Mastering the synergy between retail data and CTV

Retailers, through their loyalty programmes and first-party data, have emerged as pools of valuable insights into audience behaviours and preferences. This transition underscores the importance of effective measurement in TV streaming, which is pivotal for maximising the return on investment (ROI).

As the dynamics of CTV ad-measurement evolve, it’s upon the industry to cultivate a thorough understanding of the interplay between TV – and connected TV which has trackable actions – retail media, promotion dollars, and measurement. More innovation in TV streaming and connected TV advertising capabilities to interact directly with the TV will come and with it, advertising solutions and strategies to ensure brands and marketers are well-equipped to navigate this evolving landscape.

The fusion of retail data with CTV presents a compelling narrative of how data-driven advertising can transcend traditional boundaries, offering a more nuanced understanding of consumer behaviours and campaign effectiveness. Yet, it also casts a spotlight on the urgent need for a well-structured measurement framework to unlock the full potential of this synergy and the impact on long term brand building where nearly 50% of the impact of incremental sales is driven by creativity in the advertising communication, and sales effects.

Ideally, an independent and holistic advanced measurement solution should be accessible to help brands distinguish between multiple marketing and advertising levers used on the same screen – retail media and brand advertising.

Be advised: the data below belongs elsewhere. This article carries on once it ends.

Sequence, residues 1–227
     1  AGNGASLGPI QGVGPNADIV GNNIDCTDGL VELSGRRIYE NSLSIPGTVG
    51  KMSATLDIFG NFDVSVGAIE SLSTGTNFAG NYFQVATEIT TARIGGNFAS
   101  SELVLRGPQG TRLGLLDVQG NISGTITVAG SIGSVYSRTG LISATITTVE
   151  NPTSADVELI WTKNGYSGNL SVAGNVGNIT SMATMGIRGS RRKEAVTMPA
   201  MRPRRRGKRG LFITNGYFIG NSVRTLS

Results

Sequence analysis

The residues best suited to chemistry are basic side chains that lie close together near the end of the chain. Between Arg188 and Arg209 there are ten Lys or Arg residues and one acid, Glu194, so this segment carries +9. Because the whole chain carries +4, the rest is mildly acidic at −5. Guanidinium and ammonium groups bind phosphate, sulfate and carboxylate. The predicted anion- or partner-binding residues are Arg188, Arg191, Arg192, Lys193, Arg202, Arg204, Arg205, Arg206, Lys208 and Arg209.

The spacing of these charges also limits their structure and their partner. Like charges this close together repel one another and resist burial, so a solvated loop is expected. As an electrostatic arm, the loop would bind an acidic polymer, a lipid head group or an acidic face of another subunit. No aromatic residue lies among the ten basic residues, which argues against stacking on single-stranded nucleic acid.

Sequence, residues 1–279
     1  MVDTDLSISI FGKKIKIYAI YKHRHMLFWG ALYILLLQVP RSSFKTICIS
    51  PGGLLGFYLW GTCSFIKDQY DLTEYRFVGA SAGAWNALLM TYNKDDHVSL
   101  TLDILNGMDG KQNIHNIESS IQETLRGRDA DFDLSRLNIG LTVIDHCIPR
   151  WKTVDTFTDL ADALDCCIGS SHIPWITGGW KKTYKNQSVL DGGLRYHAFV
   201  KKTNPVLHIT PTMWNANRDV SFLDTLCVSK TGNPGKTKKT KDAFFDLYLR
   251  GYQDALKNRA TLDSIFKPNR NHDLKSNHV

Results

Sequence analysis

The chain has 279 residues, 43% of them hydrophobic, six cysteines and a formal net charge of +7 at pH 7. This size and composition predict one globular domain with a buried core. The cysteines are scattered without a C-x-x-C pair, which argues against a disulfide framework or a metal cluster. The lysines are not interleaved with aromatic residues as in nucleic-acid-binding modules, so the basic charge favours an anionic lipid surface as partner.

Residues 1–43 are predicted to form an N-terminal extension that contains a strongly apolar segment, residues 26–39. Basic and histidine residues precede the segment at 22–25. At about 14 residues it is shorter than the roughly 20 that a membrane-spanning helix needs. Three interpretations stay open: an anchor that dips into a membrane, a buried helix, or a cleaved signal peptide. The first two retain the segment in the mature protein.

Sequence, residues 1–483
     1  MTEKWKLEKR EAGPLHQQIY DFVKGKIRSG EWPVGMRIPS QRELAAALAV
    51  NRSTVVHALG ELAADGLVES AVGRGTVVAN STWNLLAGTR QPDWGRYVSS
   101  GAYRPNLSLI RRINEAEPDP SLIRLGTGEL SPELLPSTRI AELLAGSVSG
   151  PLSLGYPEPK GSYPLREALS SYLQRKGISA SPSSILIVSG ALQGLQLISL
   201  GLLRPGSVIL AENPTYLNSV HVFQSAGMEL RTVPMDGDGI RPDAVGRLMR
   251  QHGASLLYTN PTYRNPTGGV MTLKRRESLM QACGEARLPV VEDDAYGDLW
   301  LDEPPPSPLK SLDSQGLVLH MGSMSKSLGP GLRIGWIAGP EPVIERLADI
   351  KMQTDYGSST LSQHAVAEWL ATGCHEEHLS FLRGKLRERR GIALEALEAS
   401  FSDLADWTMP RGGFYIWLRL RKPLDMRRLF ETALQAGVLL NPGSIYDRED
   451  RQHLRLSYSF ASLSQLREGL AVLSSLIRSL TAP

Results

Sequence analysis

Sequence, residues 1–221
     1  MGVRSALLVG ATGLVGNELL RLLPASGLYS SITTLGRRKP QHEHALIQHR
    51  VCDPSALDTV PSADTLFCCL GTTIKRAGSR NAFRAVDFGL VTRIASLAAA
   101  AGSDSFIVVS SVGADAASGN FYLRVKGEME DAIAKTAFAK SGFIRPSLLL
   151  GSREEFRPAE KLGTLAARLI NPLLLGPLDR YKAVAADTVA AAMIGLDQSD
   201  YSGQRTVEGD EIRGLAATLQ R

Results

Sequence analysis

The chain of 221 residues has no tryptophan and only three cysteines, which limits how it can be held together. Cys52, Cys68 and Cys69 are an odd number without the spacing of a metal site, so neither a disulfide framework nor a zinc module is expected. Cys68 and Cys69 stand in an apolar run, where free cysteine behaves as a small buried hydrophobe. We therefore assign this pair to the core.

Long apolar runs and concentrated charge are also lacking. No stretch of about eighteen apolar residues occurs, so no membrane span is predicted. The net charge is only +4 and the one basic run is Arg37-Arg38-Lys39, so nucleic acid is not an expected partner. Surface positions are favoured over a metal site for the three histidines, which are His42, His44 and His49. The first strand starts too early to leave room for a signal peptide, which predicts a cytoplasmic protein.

The journey towards unearthing the potential of retail media ads – both as a promotions and brand advertising vehicle – in the CTV space is the next evolution and it will be as much about mastering the established fundamentals of measurement as it is about embracing innovation.

Building on fundamentals

As the industry strides forward, revisiting the fundamentals of ad measurement, aligned with the evolving digital privacy norms and retail data availability, will be instrumental in shaping further accountability and a robust advertising ecosystem that justifies TV level investments in advertising. 

It’s also important that we don’t make retail media the equivalent of search in the online world with a potential over attribution, as some TV advertising impacts may take over nine months to manifest, particularly concerning brand attributes, changing brand perceptions and brand associations. This delay is notable in cases where brands construct mental connections to categories or unexplored areas, such as high-profile sports sponsorships without immediate sports-related associations. Moreover, the collaborative synergy among retailers, broadcasters, and streaming platforms forms a robust foundation for a data-centric advertising future.

Encouragingly, robust econometric studies and mixed media modelling, which are the fundamentals of TV measurement, are making a strong comeback for omnichannel strategy with cookie deprecation. ‘Building on the fundamentals’ of measurement will be a prime focus including how the mechanics of ‘promotions dollars’ change as they move into more digital environments including across the TV streamer’s journey with emerging connected TV direct response advertising capabilities. From powering on the TV through to purchase complete, there will be an array of choice and channel optimisation evaluate.

In the meantime, progressive and established brands continue to evolve and experiment with new capabilities and their measurement solutions to see the benefits TV streaming brings to their ability to achieve their marketing and measurement objectives.